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Leaving, Losing and Switching Religion: Disruptive Dynamics of Past and Present

A150
Panel Chair: Teemu T. Mantsinen | Friday, August 28, 9-11 a.m. | Venue

This panel addresses questions about apostasy, processes of leaving, losing and switching religion and religious faith in both past and present times. People construct their identities from the wide range of alternatives now available. This is partly due to an increased global migration and a new mediatization of religion that has changed the landscapes of religion globally. In our research projects we analyze how people construct new religious, non-religious, and ethnic identities by leaving or switching religion. Also we focus on dogmatic texts that could be related to the challenge of deconversion. Followers of a religion might question social stories and individual identities in new circumstances, time and locations. Aim of this panel is: a) to examine theoretical perspectives on the dynamics and processes of leaving and switching religion, b) to pose questions about the causes, processes, and the social responses to apostasy, to the disruption of past and present.

Teemu T. Mantsinen

Leaving family religion: Apostasy from Pentecostalism in Finland

In this paper I will present my research on Finnish Pentecostals leaving their family tradition, and analyze the social aspect of this deconversion. I will approach the subject from the theoretical perspectives of social and psychological contract and embodied cognition. My interviewees all share an experience of disruption between social story and personal experience. This disruption may be a feeling of hypocrisy, unwanted control, loss of plausibility, or other experiences of interference in the balance between traditional and personal life. If there are no sufficient compensating aspects in their religion and social life to balance the negative experiences, the contract is broken. The aim of this paper is to present a theoretical explanation why socialized members of a religious community leave their tradition, Pentecostalism. Furthermore I will discuss if the explanative model can be applied to the other religions addressed in this panel.

Daniel Enstedt

Leaving Islam in contemporary Sweden

This paper will address issues concerning religious apostasy, deconversion and disaffiliation in present-day Sweden in relation to Islam. The aim is to outline new theoretical perspectives that enable a better understanding of religious change that leaving religion is, or can be, a part of. My critique of the dominant trends in the contemporary research on leaving religion shares some of Linda Woodhead’s sociologically informed discussion of the shortcomings of the prevailing concepts of religiosity in religious studies. Instead of understanding religion as a mind-set, cognitive script or a world-view, that many previous studies has done, Woodhead highlights other concepts of religion (i.e. religion as culture, identity, relationship, practice, and power). I will take these aspects into account when discussion leaving Islam in present-day Sweden. Besides theoretical evaluations and considerations on apostasy, deconversion and disaffiliation this paper will also discuss an empirical material in relation to Muslim communities in contemporary Sweden.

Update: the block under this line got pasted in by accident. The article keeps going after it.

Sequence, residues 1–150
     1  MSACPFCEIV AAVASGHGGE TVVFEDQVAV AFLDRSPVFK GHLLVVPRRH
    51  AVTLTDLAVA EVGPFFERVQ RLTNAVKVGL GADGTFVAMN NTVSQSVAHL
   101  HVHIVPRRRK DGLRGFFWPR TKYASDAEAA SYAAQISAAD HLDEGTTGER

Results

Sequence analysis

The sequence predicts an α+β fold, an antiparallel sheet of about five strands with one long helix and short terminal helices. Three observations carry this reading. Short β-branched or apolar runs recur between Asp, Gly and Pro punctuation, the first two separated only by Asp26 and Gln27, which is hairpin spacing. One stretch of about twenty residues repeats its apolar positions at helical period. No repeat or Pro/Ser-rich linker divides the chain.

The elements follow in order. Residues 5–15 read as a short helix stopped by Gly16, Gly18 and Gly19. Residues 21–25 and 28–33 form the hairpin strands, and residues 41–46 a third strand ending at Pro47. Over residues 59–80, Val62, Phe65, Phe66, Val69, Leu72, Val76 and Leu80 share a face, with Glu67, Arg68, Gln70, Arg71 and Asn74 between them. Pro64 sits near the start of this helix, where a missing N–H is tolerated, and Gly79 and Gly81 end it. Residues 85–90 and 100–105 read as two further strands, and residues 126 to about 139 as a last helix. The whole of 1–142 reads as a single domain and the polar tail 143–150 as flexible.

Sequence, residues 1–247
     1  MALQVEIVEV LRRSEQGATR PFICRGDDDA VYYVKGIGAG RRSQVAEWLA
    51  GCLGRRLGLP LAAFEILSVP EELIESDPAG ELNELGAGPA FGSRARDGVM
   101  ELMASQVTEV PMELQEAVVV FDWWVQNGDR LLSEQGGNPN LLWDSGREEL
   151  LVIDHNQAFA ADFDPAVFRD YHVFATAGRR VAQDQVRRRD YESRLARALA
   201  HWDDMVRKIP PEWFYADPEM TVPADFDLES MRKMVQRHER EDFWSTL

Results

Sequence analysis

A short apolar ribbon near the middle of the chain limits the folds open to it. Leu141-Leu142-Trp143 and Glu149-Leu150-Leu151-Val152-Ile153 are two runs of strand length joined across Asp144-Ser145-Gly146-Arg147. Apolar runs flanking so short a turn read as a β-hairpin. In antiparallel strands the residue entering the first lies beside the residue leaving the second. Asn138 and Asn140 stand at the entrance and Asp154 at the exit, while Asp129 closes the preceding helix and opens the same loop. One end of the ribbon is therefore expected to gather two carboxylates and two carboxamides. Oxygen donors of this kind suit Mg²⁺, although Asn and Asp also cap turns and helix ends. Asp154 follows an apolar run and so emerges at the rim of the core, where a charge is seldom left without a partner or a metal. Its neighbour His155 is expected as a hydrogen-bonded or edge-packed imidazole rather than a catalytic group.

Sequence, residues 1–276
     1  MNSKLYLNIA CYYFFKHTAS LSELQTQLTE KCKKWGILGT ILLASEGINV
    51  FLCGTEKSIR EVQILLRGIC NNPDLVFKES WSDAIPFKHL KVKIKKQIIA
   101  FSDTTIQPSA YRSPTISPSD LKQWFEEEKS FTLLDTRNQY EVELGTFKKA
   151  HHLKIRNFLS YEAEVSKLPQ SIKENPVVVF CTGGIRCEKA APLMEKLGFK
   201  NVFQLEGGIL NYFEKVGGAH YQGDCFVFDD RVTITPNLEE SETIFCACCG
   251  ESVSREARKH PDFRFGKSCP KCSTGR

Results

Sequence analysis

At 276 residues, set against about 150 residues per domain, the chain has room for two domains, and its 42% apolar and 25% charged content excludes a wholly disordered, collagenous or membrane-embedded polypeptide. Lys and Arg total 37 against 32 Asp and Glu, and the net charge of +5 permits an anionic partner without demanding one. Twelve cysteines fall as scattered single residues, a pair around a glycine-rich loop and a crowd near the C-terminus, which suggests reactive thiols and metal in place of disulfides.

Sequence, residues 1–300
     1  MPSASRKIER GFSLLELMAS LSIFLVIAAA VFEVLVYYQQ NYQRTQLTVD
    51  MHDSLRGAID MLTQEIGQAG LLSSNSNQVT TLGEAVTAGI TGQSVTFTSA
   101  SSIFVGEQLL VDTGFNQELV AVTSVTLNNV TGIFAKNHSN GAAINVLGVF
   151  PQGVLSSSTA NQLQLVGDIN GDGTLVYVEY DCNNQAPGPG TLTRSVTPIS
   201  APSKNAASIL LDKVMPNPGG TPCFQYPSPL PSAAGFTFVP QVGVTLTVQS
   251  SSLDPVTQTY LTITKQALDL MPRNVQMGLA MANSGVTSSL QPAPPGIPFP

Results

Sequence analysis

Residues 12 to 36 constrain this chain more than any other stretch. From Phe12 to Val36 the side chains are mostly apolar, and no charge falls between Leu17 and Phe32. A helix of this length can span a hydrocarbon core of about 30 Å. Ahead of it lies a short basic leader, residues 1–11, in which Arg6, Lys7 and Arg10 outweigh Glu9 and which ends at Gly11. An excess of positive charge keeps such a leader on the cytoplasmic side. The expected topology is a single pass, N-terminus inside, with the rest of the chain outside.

Göran Larsson

‘They turned apostate as renegades after you left.’ The problem of apostasy in the hadith-literature

The first aim of my paper is to give an overview to how the problem of apostasy, apostates and renegades are discussed and addressed in the hadith-literature; to be more specific in the collection of Bukhari. The overview will give a picture of the frequency of how often the question of apostasy and people leaving Islam is in focus in Bukhari's collection. Which Arabic terms are used, and in which contexts are apostasy, apostates and renegades discussed? The second aim is to tentatively discuss and analyse why the question of apostasy is of such an importance in the hadith-literature. Even though this paper is focused on historical aspects and classical texts it is clear that the question of apostasy is still a relevant topic in Muslim discourses.

David Belfon

Leavetaking among Toronto’s Hasidic Jews: The Role of Narratively Constituted Identity Change

My project examines leavetakers from Hasidic Judaism in Toronto, persons who have ceased altogether or substantially lessened the degree to which they perform the normative modes of religiosity expected of them. Many exiters leave alone, and experience various social and practical difficulties adjusting to the non-Hasidic world, facing a complex system of adjustment during their transition to new lifestyles among the general population and apart from that which had been familiar. A new leavetaker generally has limited exposure to mainstream Canadian culture and possesses a consequently narrow social and secular educational toolkit. Questions of identity and narrative are central, as readily available scripts with which leavetakers may tell their stories are scarcely available. I explore the narration of loss of faith, and how one negotiates self-expression and identity formation as a leavetaker, especially regarding leavetakers’ self-perception (and their communication to others) of their religious identities before, during and after leaving.

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Thematic Outline

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